When all 35 commands have been placed into the appropriate positions in the two trays, I run another loop to print out all the non-empty positions. There it is! Simple as can be, they are sorted almost instantaneously.

Then I tried to sort them using the same technique but in the order of the addresses. This did not work, because some addresses are used by more than one command. Only the last command using a particular address printed out. Sigh....

  1000 *Save s.moncmds.sort
  1010 *--------------------------------
  1020 COUT   .EQ $FDED
  1040 CROUT  .EQ $FD8E
  1050 *--------------------------------
  1060 LTRS   .EQ $F98B    Encoded Table of Letters
  1070 ADR.LO .EQ $F9AE    Command starts at $FExx+1
  1080 *--------------------------------
  1090        .OP 65816
  1100 *--------------------------------
  1130        LDY #0
  1140 .1     JSR SORT.ONE.COMMAND
  1150        INY
  1160        CPY #35      There are 35 commands in table
  1170        BCC .1
  1180 *---Print the commands-----------
  1190        LDY #0
  1200 .2     LDA SORTING.TRAY.A,Y
  1210        BEQ .3
  1230 .3     INY
  1240        BNE .2
  1250        JMP CROUT
  1260 *--------------------------------
  1280        LDX #0
  1290 .1     STZ SORTING.TRAY.A,X
  1300        INX
  1310        BNE .1
  1320        RTS
  1330 *--------------------------------
  1350 *---Convert char to ASCII--------
  1360        LDA LTRS,Y   Value from table
  1370        SEC
  1380        SBC #$89     Reverse process from GETNUM
  1390        EOR #$B0
  1400        TAX          It is the sorting index
  1410        STA SORTING.TRAY.A,X
  1420 *--------------------------------
  1430        LDA ADR.LO,Y
  1440        INC
  1450        STA SORTING.TRAY.B,X
  1460        RTS
  1470 *--------------------------------
  1490        JSR CROUT
  1500 *---TAB 10 SPACES----------------
  1510        LDX #10      TAB OVER 10 SPACES
  1520        LDA #" "
  1530 .1     JSR COUT
  1540        DEX
  1550        BPL .1
  1560 *---Convert char to ASCII--------
  1570        LDA SORTING.TRAY.A,Y
  1580 *---Prepare char to print--------
  1590        LDX #" "     Space before regular chars
  1600        CMP #$A0
  1610        BCS .2       ...not control-char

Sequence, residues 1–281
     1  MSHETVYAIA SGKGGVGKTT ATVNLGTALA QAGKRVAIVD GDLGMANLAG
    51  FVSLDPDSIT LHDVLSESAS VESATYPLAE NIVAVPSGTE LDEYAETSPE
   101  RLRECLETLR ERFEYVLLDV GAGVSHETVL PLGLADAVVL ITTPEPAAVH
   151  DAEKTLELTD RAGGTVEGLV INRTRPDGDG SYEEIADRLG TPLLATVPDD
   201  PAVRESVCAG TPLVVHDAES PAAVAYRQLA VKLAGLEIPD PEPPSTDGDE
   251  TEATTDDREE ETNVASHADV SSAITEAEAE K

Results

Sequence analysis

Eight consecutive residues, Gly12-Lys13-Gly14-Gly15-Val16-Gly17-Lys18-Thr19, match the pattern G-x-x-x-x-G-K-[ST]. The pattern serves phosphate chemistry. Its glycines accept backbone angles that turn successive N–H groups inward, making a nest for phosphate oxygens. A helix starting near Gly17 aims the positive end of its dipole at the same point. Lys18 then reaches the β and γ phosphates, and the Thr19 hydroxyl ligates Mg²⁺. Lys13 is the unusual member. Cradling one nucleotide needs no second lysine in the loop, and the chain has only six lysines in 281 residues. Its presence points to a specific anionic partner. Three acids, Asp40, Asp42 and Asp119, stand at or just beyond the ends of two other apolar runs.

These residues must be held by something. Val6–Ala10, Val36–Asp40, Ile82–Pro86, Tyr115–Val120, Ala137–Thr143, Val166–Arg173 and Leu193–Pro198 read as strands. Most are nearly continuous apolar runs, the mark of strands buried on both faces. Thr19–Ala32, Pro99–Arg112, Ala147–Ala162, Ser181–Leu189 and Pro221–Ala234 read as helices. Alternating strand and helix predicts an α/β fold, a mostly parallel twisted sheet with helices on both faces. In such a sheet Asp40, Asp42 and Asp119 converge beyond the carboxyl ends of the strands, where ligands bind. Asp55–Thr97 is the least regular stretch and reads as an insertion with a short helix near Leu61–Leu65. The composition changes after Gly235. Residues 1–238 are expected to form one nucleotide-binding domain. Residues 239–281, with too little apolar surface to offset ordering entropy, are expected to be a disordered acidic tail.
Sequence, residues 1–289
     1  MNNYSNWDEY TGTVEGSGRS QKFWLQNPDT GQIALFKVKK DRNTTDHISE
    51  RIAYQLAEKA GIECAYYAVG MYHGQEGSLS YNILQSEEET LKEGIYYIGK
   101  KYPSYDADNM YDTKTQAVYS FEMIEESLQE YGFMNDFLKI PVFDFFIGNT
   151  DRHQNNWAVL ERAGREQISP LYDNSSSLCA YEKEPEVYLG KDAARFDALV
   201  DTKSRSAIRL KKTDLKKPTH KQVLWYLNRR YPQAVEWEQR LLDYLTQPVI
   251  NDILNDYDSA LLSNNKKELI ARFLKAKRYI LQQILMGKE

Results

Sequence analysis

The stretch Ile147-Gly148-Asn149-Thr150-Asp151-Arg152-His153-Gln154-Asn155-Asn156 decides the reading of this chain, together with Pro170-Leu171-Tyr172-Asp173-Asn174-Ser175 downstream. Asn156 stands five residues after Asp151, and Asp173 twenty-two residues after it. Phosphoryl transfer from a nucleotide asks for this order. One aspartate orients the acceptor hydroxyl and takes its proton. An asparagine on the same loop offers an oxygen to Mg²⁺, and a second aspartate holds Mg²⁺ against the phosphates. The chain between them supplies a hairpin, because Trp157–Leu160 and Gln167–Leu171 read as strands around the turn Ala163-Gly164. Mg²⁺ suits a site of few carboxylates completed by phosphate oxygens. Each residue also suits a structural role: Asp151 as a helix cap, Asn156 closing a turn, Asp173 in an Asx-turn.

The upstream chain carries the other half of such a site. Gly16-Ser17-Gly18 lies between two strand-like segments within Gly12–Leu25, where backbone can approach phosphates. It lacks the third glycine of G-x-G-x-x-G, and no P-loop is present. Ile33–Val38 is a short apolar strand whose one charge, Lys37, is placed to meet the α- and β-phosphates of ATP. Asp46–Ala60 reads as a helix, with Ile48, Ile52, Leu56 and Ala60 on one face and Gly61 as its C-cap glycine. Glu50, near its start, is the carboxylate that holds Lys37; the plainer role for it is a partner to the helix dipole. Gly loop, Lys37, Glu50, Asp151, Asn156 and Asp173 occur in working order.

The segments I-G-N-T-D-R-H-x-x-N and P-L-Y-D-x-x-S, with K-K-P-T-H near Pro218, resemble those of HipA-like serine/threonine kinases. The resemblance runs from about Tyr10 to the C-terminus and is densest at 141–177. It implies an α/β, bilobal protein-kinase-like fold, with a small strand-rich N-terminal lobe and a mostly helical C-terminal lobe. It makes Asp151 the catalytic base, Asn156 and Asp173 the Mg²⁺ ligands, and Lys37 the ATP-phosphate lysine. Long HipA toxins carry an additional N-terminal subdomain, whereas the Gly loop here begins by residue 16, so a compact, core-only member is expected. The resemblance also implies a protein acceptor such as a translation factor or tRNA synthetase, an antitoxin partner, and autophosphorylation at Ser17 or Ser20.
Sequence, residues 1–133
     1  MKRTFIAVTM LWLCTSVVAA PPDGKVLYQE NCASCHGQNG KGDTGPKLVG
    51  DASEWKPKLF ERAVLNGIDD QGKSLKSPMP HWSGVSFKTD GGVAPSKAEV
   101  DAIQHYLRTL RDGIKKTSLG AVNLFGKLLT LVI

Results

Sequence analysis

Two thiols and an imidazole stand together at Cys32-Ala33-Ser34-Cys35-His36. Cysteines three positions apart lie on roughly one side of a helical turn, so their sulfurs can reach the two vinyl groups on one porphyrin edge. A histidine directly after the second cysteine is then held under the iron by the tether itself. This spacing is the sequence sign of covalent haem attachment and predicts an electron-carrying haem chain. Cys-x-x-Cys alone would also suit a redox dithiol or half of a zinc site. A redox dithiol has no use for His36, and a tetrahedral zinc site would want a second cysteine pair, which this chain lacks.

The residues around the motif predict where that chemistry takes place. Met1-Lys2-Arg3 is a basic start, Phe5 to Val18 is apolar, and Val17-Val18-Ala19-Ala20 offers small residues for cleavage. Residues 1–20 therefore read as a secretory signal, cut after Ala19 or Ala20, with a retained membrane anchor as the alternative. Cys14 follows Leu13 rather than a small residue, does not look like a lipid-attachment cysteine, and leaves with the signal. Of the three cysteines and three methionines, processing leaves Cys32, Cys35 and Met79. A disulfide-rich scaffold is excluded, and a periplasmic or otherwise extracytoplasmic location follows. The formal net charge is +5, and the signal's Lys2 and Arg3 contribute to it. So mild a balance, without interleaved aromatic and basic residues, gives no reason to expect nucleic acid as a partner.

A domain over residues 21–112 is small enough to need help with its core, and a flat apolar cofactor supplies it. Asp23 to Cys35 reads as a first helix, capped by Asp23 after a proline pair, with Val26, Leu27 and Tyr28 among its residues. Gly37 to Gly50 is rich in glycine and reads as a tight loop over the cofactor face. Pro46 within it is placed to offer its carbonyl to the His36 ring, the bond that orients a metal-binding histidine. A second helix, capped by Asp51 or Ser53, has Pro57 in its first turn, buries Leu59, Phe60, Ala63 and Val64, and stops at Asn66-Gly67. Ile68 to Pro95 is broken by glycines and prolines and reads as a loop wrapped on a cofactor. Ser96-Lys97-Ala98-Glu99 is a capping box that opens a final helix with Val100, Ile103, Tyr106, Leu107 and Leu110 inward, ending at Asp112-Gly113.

1620        LDX #"^"     Caret before control-chars
  1630        ORA #$40     Make control-char printable
  1640 *---Print the char---------------
  1650 .2     PHA          Save char itself
  1660        TXA          Print Space or Caret
  1670        JSR COUT
  1680        PLA          Print char
  1690        JSR COUT
  1700 *---Print the address------------
  1710        LDX #3       PRINT " $FE"
  1720 .3     LDA FE,X
  1730        JSR COUT
  1740        DEX
  1750        BPL .3
  1760        LDA SORTING.TRAY.B,Y
  1770        JMP PRBYTE
  1780 *--------------------------------
  1790 FE     .AS -/EF$ /
  1800 *--------------------------------
  1810 SORTING.TRAY.A .BS 256
  1820 SORTING.TRAY.B .BS 256
  1830 *--------------------------------

Corrections to HR to DHR Converter Bob Sander-Cederlof

David Johnson just called to point out a couple of corrections to his program that converts hi-res graphic images to double hi-res. First, we somehow managed to lose a line of his code. You need to add this line:

     2435       LSR XLATE.MONO.AUX,X

Another spot to change is line 2120. The LDA #$03 should really be a LDA #$02, since 3 specifies a full color image and 2 specifies black and white. David reports that 3 has always worked OK for him, so this may not make a real difference, but the specification (ProDOS Technical Note #13) calls for a 2.

An error also crept into the text. Near the end of the fourth paragraph the article says that the AUXMEM portion of the picture is copied into main memory at $4000-5FFF. What the program really does is copy main memory from $2000-3FFF to $4000-5FFF, and then transfer the AUXMEM segment into main memory at $2000-3FFF.

Demo of Two Simple //gs Tools Bob Sander-Cederlof

The //gs Toolbox is chock full of useful tools, and no doubt you have heard about a lot of them by now. However, all of the books and articles I have found so far just describe the tools, without showing any actual addresses or tool numbers so they can be called. Most frustrating!

If you remember the article last month about reading and writing the battery RAM in the //gs, you will remember the general way all tools are called. You must be in full-16 native mode, set up the stack in just the right way, put a tool code in the X-register, and do a JSL $E10000.

The tool code is made up of two bytes. The low-order byte is the tool set number, and the high-order byte is the tool number in that tool set. One of the missing items of information in most documentation I have seen so far is the list of tool set numbers. As near as I can figure it all out at this time, the following numbers seem to be established: